The area (Glodwick ward) was originally white working lass but has seen first of all afro-Caribbean immigration and then in the 1970s Bangladeshis and Pakistanis meaning that there is primarily a Muslim area. It’s typical of a lot of inner city areas, terrace houses and Mosques -are church buildings are also there but how full they are on Sunday and how much the reflect the local population is open to question. Continue reading
The other day I said that in context training needs to be framed by a missiology. So, I began to think about what that type of syllabus might look like. What if we used the Subversive Fulfilment framework that I’m engaging with for my sabbatical.
So here’s my “What If?” Continue reading
There’s been this little conversation going on about the best way to provide theological training for ministry. Questions include:
– Must theological training always happen in seminaries and on campus or is there a place for in context, local church-based training?
– Is theological training too academic in nature and are there ways of equipping people through more ‘vocational’ methods?
Reading blogs and twitter feeds, I get the impression that some people are willing to concede that in context training may have a place but the general gist of it is that campus-based seminary training is better.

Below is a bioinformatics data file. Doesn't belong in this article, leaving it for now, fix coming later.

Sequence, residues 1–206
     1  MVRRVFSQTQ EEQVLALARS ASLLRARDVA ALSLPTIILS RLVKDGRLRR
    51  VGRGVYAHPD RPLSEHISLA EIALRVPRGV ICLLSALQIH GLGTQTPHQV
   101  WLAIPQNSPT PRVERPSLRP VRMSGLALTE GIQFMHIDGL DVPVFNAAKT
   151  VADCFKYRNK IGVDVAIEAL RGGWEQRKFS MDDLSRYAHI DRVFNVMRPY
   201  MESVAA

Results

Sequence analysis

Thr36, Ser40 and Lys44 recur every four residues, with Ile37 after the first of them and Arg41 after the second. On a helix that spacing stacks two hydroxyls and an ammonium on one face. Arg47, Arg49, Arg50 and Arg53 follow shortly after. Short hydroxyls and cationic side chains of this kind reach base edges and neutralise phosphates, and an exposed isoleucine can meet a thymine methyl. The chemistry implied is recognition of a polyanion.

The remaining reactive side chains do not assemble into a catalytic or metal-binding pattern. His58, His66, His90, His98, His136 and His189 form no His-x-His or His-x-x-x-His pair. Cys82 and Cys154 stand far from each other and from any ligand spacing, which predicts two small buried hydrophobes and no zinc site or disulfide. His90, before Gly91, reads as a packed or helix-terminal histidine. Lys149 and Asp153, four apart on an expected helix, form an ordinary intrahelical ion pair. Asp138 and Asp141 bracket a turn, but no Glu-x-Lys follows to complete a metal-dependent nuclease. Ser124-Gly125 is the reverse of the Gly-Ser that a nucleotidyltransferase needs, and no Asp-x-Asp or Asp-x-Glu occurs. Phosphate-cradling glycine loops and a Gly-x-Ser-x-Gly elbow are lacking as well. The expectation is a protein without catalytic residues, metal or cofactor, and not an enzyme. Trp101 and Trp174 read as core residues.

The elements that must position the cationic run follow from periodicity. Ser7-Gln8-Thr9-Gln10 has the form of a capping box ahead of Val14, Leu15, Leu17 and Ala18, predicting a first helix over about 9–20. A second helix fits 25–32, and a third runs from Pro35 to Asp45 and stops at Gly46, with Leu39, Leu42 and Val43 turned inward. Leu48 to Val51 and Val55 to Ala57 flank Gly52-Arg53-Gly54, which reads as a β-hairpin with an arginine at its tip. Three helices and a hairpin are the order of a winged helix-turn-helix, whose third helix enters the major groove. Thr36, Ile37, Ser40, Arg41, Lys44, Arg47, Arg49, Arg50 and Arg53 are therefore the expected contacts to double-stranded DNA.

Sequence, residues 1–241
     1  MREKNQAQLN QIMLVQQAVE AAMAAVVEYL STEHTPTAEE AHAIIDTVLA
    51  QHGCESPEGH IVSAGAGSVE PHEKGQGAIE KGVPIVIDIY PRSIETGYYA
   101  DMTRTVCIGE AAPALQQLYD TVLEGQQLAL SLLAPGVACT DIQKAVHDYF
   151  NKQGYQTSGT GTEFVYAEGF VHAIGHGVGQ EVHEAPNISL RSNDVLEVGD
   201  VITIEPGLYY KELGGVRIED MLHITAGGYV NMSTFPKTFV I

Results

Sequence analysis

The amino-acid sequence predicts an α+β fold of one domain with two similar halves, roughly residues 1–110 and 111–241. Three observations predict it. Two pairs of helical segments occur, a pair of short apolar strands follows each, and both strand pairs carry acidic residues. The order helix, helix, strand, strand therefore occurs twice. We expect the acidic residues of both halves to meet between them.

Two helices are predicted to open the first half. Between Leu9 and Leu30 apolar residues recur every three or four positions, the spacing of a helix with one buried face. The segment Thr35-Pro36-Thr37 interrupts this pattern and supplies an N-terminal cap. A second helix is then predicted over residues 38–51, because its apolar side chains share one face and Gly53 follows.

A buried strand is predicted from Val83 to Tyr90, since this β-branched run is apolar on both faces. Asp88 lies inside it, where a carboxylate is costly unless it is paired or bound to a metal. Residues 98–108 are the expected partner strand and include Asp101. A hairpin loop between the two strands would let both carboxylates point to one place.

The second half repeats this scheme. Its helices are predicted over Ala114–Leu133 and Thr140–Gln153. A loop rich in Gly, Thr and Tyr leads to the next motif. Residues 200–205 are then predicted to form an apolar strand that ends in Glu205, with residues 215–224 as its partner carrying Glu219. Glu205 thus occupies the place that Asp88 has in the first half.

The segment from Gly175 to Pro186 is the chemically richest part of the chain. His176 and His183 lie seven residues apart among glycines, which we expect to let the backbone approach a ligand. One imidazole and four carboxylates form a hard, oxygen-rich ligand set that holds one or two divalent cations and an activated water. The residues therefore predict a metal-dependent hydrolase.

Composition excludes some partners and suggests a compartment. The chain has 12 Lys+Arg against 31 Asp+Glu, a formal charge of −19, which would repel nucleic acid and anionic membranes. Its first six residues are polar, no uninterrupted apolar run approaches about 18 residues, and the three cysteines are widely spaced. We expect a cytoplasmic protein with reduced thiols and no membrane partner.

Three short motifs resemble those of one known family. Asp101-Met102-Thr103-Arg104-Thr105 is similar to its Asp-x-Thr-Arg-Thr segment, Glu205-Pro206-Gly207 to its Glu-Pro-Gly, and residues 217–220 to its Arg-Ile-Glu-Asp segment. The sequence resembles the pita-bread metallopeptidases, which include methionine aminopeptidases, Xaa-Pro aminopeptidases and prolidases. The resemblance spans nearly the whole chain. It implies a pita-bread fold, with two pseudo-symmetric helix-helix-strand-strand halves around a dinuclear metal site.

My position is that both seminary based and in context training have their place but that the in context and vocational training should and could be as effective at thoroughly equipping people for ministry.
I want to pick up on some of the reasons why by challenging some of the assumptions and arguments that I’ve heard.
If you are serious about urban gospel ministry, then the best place to get trained for this is in the field, in an urban ministry context by urban ministry practitioners. There are currently three places in England where you can engage in this type of training whilst also working towards a Theological qualification with Union School of Theology Continue reading
My friend Stephen has written a typically robust blog headlined “People are not going to Hell because of a lack of training options.” Stephen argues that there’s a lot of talk about how we train in people for urban ministry but that’s pointless if we don’t have the people to train and if we don’t have the resources to support them. Continue reading